House On Fire
One thing I do is a lot of research before embarking on a trip. I always figure, if you’re going to be in an area, it helps to know what’s there and what you should see. It also allows you to find some hidden gems that otherwise might be missed. So it was with “House on Fire”. While sifting through a bunch of links for places of interest along our route I stumbled across a blog on a hiking website. It recounted a hike into Mule Canyon to the House on Fire pueblo ruins.
(On the road in the high desert)
Finding a Needle in a Haystack
I looked up the location and found we were going to be driving right by it. The blogger mentioned a pueblo ruin that could be accessed from Rt. 95 between Blanding and Natural Bridges National Park. Since we were heading to Natural Bridges I added House on Fire to our route. There is a restored pueblo ruin right on 95 but the blogger said, while it’s nice, it’s only a pit stop. House on Fire is what should be seen.
Rt. 95 in Utah is not the Rt. 95 of the east coast-it’s the exact opposite. Traveling 95 through the vast expanse of the high desert, there are no towns, stores, or houses. What you find is mile after mile of stunning scenery and nothing else. We always left in the morning with a full tank because there were sometimes over 100 miles between gas stations, and anything else for that matter.
The instructions for finding house on fire went something like this. On Rt. 95, just around the 102 mile marker, look for a dirt road on the north side of the road. Turn in here and travel about 1/3 mile. On the left will be a lock box with envelopes. Place $2.00 per person in the envelope and put it in the lock box. Place the tab from the envelope on your dash and park across the dirt road in a pull out. Hike down the dirt road and look for a dry wash on the left. You will see the trail. Follow the trail up the dry wash (Mule Canyon) for about 1.25 miles. Look for the pueblo ruins on the right.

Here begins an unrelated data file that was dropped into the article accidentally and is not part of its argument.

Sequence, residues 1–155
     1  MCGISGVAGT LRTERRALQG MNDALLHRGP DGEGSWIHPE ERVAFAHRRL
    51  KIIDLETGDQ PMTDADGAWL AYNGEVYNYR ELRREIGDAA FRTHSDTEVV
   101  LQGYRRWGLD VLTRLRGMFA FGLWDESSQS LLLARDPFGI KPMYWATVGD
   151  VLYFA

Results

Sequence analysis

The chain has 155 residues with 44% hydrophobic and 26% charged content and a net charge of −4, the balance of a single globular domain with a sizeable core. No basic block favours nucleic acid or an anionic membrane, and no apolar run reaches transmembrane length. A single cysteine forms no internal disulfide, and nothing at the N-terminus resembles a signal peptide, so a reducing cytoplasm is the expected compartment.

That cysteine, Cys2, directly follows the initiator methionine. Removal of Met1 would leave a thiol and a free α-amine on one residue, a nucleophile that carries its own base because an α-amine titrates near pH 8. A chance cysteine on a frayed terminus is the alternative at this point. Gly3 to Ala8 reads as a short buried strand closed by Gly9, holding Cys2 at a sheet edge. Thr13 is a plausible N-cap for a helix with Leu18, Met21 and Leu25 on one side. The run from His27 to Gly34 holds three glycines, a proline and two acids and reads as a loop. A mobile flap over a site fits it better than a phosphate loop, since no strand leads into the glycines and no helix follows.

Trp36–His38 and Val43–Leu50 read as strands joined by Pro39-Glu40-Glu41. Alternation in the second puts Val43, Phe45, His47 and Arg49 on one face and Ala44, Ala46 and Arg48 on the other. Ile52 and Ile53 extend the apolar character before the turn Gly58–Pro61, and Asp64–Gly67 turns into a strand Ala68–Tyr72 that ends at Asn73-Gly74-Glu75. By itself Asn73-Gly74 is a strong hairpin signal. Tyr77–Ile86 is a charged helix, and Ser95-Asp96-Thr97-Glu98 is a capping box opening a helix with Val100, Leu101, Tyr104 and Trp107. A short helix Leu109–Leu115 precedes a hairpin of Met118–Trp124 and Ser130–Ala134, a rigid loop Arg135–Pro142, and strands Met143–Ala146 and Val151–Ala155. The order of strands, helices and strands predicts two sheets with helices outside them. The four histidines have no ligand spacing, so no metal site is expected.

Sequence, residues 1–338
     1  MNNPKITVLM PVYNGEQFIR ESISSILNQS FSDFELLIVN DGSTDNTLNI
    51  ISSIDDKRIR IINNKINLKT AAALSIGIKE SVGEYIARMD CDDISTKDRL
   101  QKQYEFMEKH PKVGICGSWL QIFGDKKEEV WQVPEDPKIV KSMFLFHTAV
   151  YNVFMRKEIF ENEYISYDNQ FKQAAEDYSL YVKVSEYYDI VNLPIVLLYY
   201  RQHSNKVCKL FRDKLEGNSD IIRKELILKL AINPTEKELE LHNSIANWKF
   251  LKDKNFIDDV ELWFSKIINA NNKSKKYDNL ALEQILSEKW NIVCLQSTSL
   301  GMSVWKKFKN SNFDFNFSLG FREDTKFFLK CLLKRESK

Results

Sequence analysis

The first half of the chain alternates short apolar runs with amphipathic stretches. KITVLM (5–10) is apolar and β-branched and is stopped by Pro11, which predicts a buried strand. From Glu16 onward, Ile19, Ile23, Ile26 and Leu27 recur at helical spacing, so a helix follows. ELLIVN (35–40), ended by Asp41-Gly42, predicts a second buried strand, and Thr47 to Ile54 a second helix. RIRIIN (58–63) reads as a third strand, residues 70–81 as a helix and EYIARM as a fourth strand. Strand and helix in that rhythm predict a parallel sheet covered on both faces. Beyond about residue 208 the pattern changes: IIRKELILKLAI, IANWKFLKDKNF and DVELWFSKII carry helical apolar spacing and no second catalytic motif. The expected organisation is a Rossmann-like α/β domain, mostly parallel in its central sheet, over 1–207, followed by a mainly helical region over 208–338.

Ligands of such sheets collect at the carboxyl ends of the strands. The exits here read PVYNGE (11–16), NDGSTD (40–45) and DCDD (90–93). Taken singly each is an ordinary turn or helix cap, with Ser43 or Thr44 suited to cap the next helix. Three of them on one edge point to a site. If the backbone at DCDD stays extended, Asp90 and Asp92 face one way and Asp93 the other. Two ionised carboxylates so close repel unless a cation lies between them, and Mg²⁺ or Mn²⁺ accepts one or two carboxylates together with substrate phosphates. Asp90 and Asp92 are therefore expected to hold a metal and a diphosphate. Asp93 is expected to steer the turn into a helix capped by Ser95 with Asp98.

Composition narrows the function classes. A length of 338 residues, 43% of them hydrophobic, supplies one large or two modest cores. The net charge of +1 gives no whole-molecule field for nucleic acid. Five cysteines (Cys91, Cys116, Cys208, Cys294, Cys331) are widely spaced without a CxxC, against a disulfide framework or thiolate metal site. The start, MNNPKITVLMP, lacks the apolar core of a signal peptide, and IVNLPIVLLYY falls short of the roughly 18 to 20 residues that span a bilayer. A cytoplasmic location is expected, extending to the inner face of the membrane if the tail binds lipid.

We followed the directions and found the trailhead without much difficulty. It was actually cloudy and cool that morning, looking like rain was imminent. We entered the dry wash and started our hike. We kept a wary eye on the sky as storms in this area can drop heavy rain a few miles away. While not raining on you, they can send a cascade of water down many of these canyons impacting hikers with flash floods even though they are miles away from the rain. It was a fun hike and we welcomed the greenery along the bottom of the dry wash that was alive with birds, collared lizards, jack rabbits, and, most likely, snakes that we never saw.
(House One Fire Pueblo Ruin)
After hiking for, what seemed like more than 1.25 miles I was beginning to wonder if we were in the right canyon? Suddenly Cyndy said; “there it is”! Sure enough up the cliff to our right we could see the ruins. We almost walked right by them.
We scrambled up the rock face and were standing in the middle of a small collection of ruins. The fact that they have existed, undisturbed for around 1000 years, is pretty amazing. Add to that the fact that you can walk among them, look inside, and imagine what it must have been like to live here was really a unique experience.
House on Fire
“House on Fire” got its name from the way it photographs. In the right light, the ruin looks like flames are pouring out of the roof. The best light is early, before the sun gets around to the west. It won’t have the same effect in sunlight. This was supposed to be our last stop of the day but I reversed the itinerary to take advantage of the lighting and time of day. This would provide an added benefit later in the day although I didn’t realize it at the time.
( Ruins at House on Fire)
We probably spent over an hour here before we headed back to the car. There are more ruins further up the canyon but it would have required about a 10 mile round trip and we didn’t have the time (or the desire) to put in that much time on the trail. We had gotten what we had come for and it was time to move on.